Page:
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      Concurrent Kimura disease and lupus nephritis : A case report

      , MD a , , MD b , , MD a , , MD a , , MD a

      Medicine

      Wolters Kluwer Health

      case report, Kimura disease, lupus nephritis

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          There is no author summary for this article yet. Authors can add summaries to their articles on ScienceOpen to make them more accessible to a non-specialist audience.

          Abstract

          Background:

          Kimura disease is a rare chronic inflammatory disorder with peripheral eosinophilia and elevated serum IgE and is also frequently complicated by nephropathy.

          Methods:

          We report a rare case of Kimura disease concomitant with lupus nephritis in a 72-year old male patient with recurrent unexplained lymphadenopathy, renal lesions, and immunologic abnormalities.

          Results:

          The patient was successfully managed with gamma immunoglobulin, intravenous pulse methylprednisolone therapy, hydroxychloroquine, and prednisone.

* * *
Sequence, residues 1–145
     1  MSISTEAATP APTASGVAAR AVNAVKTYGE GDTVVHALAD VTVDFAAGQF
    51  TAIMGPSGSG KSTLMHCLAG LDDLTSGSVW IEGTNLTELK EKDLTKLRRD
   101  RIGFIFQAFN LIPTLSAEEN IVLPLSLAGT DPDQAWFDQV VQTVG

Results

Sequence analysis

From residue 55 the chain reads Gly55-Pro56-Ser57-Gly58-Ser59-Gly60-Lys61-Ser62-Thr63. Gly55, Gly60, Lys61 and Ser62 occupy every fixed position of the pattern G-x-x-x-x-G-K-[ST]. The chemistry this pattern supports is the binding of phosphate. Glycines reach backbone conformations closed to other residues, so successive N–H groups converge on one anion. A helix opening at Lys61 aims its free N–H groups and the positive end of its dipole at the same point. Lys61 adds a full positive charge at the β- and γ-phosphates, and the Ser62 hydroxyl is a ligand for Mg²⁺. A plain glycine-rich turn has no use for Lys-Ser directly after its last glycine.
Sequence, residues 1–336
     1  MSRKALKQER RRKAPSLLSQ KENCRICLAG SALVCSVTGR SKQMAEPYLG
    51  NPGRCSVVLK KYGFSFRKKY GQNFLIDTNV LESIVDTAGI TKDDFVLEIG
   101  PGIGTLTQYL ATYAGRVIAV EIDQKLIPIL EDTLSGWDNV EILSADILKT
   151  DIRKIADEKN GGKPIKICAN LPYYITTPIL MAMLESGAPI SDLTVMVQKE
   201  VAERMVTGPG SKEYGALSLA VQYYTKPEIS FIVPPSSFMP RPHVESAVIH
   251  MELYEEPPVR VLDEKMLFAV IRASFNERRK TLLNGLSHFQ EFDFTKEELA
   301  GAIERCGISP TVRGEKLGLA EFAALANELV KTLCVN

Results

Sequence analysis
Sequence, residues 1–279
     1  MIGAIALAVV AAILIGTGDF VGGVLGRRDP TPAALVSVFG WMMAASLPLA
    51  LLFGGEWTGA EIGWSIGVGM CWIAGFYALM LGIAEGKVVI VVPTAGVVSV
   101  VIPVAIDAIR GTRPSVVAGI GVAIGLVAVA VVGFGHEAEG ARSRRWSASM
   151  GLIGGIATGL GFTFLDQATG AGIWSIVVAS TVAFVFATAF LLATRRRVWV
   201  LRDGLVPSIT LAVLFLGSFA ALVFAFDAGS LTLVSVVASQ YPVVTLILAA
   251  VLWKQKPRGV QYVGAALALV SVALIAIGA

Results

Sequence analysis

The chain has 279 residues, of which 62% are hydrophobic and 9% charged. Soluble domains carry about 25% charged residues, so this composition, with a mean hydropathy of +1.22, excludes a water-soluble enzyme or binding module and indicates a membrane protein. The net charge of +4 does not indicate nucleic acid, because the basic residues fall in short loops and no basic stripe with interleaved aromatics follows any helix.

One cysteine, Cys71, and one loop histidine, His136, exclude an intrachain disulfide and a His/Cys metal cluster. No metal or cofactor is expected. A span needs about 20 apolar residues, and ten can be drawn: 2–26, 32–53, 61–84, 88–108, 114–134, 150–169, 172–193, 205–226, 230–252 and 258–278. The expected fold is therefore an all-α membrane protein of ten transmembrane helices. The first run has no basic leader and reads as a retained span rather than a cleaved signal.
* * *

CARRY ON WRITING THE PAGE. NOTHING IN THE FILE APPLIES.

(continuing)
Conclusion:

          This is the first report of a case of Kimura disease concomitant with lupus nephritis and highlights the importance of considering lupus nephritis as a possible concurrent disease in patients with Kimura disease that have immunologic abnormalities.

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          Most cited references 24

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          Changing etiologies of unexplained adult nephrotic syndrome: a comparison of renal biopsy findings from 1976-1979 and 1995-1997.